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Company: Topio

HQ: Santa Clara, CA

Founded: 2001

Management: Yoram Novick is the founder and CEO. Before this, he spent 13 years at IBM Research, where he held various positions in the area of storage research. He is the author and co-author of 24 patents.

Investors: On April 25, the company announced an $8 million Series C round of venture funding led by Star Ventures, with participation from existing investors Sequoia Capital and Sigma Partners. This brings the company’s total funding to $21 million.

Business Model: Topio makes software that helps companies with data replication and data recovery, particularly in scenarios where data is corrupted or lost as the result of a disaster. A key selling point for Topio is that its software is agnostic, working with most existing servers and storage architectures. The software also works over any distance, allowing a customer to back-up and protect a worldwide data network. Along with its recent funding announcement, Topio reported it has over 40 customers.

Competitors:  Mendocino Software, XOSoft, Revivio, EMC

Dirt: Part of the challenge in any enterprise software business is getting in front of big customers, and Topio has forged some solid partnerships to make headway on this front. Last fall, IBM Global Services began offering Topio’s products as a part of its service to enterprise customers. They don’t come much bigger than IBM Global Services.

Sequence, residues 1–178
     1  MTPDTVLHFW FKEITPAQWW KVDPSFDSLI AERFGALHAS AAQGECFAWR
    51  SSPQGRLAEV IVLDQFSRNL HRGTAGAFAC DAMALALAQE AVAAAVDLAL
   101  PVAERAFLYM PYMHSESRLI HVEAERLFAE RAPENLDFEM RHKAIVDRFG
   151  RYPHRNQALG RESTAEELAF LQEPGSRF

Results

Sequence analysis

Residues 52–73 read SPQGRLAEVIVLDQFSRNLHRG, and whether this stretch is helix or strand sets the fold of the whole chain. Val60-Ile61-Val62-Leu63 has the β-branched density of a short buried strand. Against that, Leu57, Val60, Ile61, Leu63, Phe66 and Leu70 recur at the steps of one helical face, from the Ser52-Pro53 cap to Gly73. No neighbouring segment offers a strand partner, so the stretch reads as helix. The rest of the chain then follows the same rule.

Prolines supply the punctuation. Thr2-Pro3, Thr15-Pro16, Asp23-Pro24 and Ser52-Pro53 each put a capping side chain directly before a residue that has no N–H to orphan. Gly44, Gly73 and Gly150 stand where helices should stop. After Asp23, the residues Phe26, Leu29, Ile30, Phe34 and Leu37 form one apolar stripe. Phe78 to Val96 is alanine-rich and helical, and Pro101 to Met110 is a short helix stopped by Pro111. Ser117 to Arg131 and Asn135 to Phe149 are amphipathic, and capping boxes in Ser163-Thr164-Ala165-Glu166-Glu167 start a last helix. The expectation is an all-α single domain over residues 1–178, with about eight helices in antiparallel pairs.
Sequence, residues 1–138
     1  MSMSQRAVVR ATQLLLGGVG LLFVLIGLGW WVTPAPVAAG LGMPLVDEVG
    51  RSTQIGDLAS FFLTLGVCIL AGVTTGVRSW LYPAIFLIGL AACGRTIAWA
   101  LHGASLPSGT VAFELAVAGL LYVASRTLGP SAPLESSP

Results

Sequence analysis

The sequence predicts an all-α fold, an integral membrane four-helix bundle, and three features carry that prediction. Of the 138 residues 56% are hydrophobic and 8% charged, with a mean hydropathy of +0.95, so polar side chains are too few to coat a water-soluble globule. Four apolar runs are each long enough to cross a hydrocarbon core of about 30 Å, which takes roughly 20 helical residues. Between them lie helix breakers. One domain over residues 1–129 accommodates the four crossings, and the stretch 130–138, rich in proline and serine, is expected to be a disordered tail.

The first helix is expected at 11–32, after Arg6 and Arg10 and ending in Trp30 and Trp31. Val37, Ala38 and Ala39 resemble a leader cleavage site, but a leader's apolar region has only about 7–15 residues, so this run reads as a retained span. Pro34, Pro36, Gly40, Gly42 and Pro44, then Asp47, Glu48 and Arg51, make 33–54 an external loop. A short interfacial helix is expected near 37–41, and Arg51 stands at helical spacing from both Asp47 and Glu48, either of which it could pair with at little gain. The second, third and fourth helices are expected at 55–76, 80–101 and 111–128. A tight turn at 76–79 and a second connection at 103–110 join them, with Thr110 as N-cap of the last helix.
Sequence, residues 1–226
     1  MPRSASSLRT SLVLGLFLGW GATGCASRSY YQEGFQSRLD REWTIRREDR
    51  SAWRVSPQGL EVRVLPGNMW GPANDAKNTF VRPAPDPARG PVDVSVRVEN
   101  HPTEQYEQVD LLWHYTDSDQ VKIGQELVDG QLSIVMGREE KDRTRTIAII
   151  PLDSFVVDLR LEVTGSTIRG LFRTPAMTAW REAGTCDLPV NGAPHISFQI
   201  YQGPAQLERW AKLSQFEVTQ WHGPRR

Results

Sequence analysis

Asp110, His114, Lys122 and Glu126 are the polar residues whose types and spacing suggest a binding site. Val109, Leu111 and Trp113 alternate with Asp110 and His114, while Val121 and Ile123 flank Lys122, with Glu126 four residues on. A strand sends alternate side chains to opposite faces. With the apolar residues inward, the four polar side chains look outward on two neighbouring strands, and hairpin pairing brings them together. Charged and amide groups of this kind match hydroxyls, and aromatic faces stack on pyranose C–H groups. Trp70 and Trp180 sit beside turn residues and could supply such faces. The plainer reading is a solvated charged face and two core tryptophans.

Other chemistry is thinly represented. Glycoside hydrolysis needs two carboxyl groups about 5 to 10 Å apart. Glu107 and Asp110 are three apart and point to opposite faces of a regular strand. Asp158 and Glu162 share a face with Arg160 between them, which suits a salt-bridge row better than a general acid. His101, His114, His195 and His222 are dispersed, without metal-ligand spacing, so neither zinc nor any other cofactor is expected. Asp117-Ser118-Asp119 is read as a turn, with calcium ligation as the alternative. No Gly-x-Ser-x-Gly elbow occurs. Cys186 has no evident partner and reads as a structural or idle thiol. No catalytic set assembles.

Another good sign for Topio is the recent resurgence of EMC, the storage sector’s bellwether. EMC recently reported its seventh consecutive quarter of double-digit revenue growth and saw its shares rise 13 percent. That recent success suggests that corporations are loosening the budgetary restrictions that have dragged so many technology vendors down over the past few years. Because of this upswing, Topio should benefit from the same trend.


Fantastic Voyage

The online travel market still offers opportunity to start-ups — and other alarm:clock news from the land of private venture funding.

When Expedia, Travelocity, and Orbitz established themselves as the Big Three of online travel, many thought their combined marketing muscle would dominate the sector and shut out would-be competitors. But with a market as large as online travel – JupiterResearch estimates that revenue from online travel bookings will hit $62 billion in 2005 – other innovative companies have figured out how to share in the growth.

One such innovator is Santa Clara, Calif-based SideStep, which operates a travel-specific search engine that aggregates data from Expedia, Travelocity, and others and pulls in data from hotels and airlines that are not working with those companies, such as the refreshingly independent JetBlue. In contrast to the core travel sites, which earn revenues primarily from online booking transactions, SideStep’s revenues are primarily derived from travel advertisers.

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